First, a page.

WLFI Staff - WEST LAFAYETTE, Ind. (WLFI) - Between computers, smartphones and even video game consoles, keeping children safe online is getting more challenging for parents.
With a simple click of the mouse, or now just a swipe of a finger, it connects kids to virtually limitless information. However, this instant access can also create a potential risk for online danger, if parents do not closely monitor the content their kids are viewing.
"It becomes really important that parents open up a dialogue with their kids about what they're doing, who they're interacting with, and what kinds of content they're accessing," said child development professor Deborah Linebarger.
According to a Department of Justice report, one in seven kids between the ages of 10 and 17 years old, were sexually solicited online. Seventy percent of these solicitations happen on a home computer, and 49 percent of the children surveyed did not tell anyone about being solicited.
The main reason for not telling was for fear of getting their computer taken away. Experts say the earlier you talk to kids about their habits online, the better you are at preventing potential situation of online danger.
"If you wait until they're even eight, nine or 10, in a lot of ways, you have waited too long. You should be talking about it much sooner, so that you can help them develop good habits, " Linebarger said.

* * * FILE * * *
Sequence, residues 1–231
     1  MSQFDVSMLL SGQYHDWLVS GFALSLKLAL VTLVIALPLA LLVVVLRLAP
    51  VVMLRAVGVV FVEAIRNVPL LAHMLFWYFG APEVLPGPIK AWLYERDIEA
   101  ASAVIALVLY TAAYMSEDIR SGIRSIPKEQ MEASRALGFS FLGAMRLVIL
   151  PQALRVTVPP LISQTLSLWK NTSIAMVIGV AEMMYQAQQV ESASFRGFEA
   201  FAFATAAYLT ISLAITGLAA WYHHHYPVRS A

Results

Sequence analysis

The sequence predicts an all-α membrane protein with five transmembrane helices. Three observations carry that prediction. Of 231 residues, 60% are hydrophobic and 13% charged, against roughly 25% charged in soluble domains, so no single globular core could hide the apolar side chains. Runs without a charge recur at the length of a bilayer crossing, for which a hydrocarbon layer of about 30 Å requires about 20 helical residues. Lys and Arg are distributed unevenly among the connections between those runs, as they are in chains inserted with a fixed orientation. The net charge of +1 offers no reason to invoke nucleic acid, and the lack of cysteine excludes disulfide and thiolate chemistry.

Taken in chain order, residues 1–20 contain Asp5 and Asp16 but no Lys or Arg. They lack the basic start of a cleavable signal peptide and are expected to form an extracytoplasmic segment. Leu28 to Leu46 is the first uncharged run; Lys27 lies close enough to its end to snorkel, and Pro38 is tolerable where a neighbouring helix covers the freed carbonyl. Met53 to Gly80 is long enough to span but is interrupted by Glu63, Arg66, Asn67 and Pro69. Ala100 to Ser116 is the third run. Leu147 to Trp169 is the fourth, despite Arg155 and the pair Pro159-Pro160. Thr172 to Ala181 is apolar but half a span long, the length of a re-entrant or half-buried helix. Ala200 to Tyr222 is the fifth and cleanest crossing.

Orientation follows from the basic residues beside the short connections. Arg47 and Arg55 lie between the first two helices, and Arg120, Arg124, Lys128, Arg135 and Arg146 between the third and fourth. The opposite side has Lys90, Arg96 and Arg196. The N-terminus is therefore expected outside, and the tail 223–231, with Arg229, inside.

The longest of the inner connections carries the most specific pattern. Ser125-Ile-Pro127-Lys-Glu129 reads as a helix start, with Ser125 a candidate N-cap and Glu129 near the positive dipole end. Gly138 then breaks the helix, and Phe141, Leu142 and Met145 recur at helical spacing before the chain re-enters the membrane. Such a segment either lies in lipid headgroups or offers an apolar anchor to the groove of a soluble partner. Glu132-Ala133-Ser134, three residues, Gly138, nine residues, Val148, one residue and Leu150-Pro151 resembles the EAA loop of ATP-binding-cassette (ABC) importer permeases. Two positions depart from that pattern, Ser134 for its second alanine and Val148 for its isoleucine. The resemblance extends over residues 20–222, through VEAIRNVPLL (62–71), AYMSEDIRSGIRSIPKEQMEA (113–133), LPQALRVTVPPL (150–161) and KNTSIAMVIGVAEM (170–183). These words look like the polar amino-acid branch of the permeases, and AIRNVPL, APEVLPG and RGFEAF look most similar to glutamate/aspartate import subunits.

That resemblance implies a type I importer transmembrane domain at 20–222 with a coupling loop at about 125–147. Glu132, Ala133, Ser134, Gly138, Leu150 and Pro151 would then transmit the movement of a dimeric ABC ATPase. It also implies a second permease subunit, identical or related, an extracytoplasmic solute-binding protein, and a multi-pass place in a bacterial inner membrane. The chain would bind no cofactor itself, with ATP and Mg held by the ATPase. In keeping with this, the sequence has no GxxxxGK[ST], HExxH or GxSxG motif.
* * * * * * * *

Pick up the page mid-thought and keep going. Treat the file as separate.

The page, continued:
Nurse practitioner Patsy Hoyer said, "You have to be over kids' shoulders because it can happen anyplace, anytime. They're not always in their bedroom doing it. They're not locked up. They can do it from their smartphones. They can look at these things anytime, anyplace."
According to the United States Computer Emergency Readiness Team, some tips to help keep your children safe online include.
- Be involved - Consider activities you can work on together.
- Keep computers in an open area - This way you will be able to easily monitor computer activity.
- Set rules and warn about dangers - Make sure your child knows boundaries of what they are allowed to do on the computer.
This will allow you to supervise your child's online activities while teaching them good computer habits.
The American Academy of Pediatrics recommends that children only spend a maximum of two hours online each day.
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